There were hundreds of games on display at E3 this year, but we’ve selected five titles that stand out from the crowd. For attendees at the show, these are some of the big games that people will be talking about long after the glitz and glamour of the convention is over.
By John Gaudiosi
E3 brings the world’s attention to videogames for one week out of the year. This year’s show featured a brand-new portable gaming device from Sony, codenamed NGP, as well as the next console from Nintendo, codenamed Project Cafe. But it was the games, more than anything else, that took center stage in Los Angeles. And with the current generation of consoles showing their age, PC games will shine brighter than ever this year.
“I expect to see a bit of a renaissance in the PC games space over the next few years,” says Todd Hollenshead, president of id Software, which had RAGE at Bethesda Softworks’ E3 booth. “We’ll see more PC-focused games as opposed to multiplatform games because of the faster speeds of the processors and the accelerated graphics. A lot of the coolest technology only works on a PC.”
There were hundreds of games on display at E3 this year, but we’ve selected five titles that stand out from the crowd. For attendees at the show, these are some of the big games that people will be talking about long after the glitz and glamour of the convention is over:
(Electronic Arts, DICE; November 2011)
Acclaimed developer DICE is upping the ante with global warfare in this open world combat game. In Battlefield 3, players step into the role of the elite U.S. Marines sent to conflicts in diverse locales like Paris, Tehran and New York City. Up to 64 players can engage in battles using a variety of weapons and both land-based and flying vehicles. The battlefields will include the open warzones that Battlefield players are accustomed to, as well as more claustrophobic urban warfare areas that add a different strategy to the mix. “The PC has almost an unlimited amount of memory and CPU power, so we can really push our new Frostbite 2 engine with that version of the game,” says Karl-Magnus Troedsson, general manager of DICE. “This new engine allowed us to take a huge leap forward in gameplay. And by using EA Sports’ ANT technology, we’re able to bring more believable characters to life in this game world as well.”
Call of Duty: Modern Warfare 3
(Activision, Infinity Ward, Sledgehammer Games; November 2011)
With each new Call of Duty game, Activision has broken its own world record for sales. But it was the Modern Warfare games that really raised the bar in blending cinematic action with a frenetic gameplay experience that put players in a rollercoaster ride that they steer. With Modern Warfare 3, the first game in the franchise developed by Sledgehammer Games with the remnants of the original Infinity Ward team, the goal was to push the experience beyond any previous Call of Duty game.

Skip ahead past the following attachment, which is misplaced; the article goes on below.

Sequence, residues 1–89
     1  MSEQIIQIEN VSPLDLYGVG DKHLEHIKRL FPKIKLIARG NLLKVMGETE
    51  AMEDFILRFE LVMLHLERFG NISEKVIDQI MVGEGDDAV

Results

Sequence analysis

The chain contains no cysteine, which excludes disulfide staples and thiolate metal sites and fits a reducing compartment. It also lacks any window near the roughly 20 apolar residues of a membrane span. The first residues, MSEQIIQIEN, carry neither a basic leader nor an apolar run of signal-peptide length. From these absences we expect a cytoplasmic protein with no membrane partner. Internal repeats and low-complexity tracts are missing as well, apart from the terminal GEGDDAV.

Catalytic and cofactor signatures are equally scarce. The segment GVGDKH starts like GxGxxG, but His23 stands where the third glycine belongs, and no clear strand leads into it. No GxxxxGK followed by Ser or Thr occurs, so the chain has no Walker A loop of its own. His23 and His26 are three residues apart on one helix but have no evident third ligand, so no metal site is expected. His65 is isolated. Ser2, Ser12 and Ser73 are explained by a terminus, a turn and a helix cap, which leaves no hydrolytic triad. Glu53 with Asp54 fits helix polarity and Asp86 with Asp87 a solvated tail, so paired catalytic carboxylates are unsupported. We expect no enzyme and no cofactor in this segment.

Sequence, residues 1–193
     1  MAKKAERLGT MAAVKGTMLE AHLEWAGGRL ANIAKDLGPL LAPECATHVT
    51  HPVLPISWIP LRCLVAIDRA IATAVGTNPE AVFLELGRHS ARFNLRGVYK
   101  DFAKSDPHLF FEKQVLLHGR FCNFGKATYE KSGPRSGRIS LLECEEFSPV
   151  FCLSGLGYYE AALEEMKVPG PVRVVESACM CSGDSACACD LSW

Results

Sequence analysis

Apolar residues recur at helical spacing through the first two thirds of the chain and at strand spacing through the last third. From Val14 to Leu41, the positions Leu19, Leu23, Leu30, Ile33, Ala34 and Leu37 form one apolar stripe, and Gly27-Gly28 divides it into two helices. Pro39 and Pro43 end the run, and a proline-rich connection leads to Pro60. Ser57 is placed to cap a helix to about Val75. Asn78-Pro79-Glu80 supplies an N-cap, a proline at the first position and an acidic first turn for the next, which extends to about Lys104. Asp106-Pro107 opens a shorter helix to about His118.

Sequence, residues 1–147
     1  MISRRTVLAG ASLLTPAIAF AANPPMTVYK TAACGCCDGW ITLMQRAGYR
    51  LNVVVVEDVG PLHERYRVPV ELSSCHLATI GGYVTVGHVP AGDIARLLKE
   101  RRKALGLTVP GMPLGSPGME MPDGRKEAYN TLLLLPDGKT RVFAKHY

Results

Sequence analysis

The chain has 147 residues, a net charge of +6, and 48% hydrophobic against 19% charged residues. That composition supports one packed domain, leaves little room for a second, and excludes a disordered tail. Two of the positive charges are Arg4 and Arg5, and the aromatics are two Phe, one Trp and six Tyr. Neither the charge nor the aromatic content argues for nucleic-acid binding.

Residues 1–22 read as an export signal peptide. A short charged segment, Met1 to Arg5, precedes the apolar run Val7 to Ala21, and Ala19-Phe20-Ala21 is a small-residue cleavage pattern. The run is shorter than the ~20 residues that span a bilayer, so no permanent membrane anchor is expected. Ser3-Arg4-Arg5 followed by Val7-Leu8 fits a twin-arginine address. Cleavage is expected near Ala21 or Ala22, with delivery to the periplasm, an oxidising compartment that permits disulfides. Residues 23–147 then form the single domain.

“We came out of Modern Warfare 2 with strong vision of what we wanted for 3,” says Glen Schofield, vice president and general manager of Activision. “In the execution of that, we were looking for the team to take the scale of combat to a new level. The fighting spans the hearts of cities like Washington, D.C., to all across Europe, Russia and Africa. In the campaign mode, it’s all about cinematic intensity. Nothing goes into a game that doesn’t have that, whether it’s two-player co-op, multiplayer or any of the new game modes.”
The Elder Scrolls V: Skyrim
(Bethesda Softworks, Bethesda Game Studio; November 2011)
After working on Fallout 3, the Elder Scrolls team set out to build a brand-new game experience with its fifth installment in the bestselling experience. Todd Howard, game director at Bethesda Game Studio, believes this new role-playing game will bring the largest and most immersive experience yet from the acclaimed studio. The secret to Skyrim's depth is a brand-new Creation Engine.
“We went into this game assuming that we’re going to draw everything and feature an extremely high level of detail,” says Howard. “You can walk to anywhere and go anywhere that you can see on screen. There’s a full weather system and this engine allows us to show both minute and macro details. We’re using effects, like real-time shadows, to bring a density to even the small things in the world. To add to this believability, we employ the Havoc behavior system so that characters you interact with come to life.”
End of Nations
(Trion Worlds, Petroglyph; April 2011)
Dan Sarto is Publisher and Editor-in-Chief of Animation World Network.
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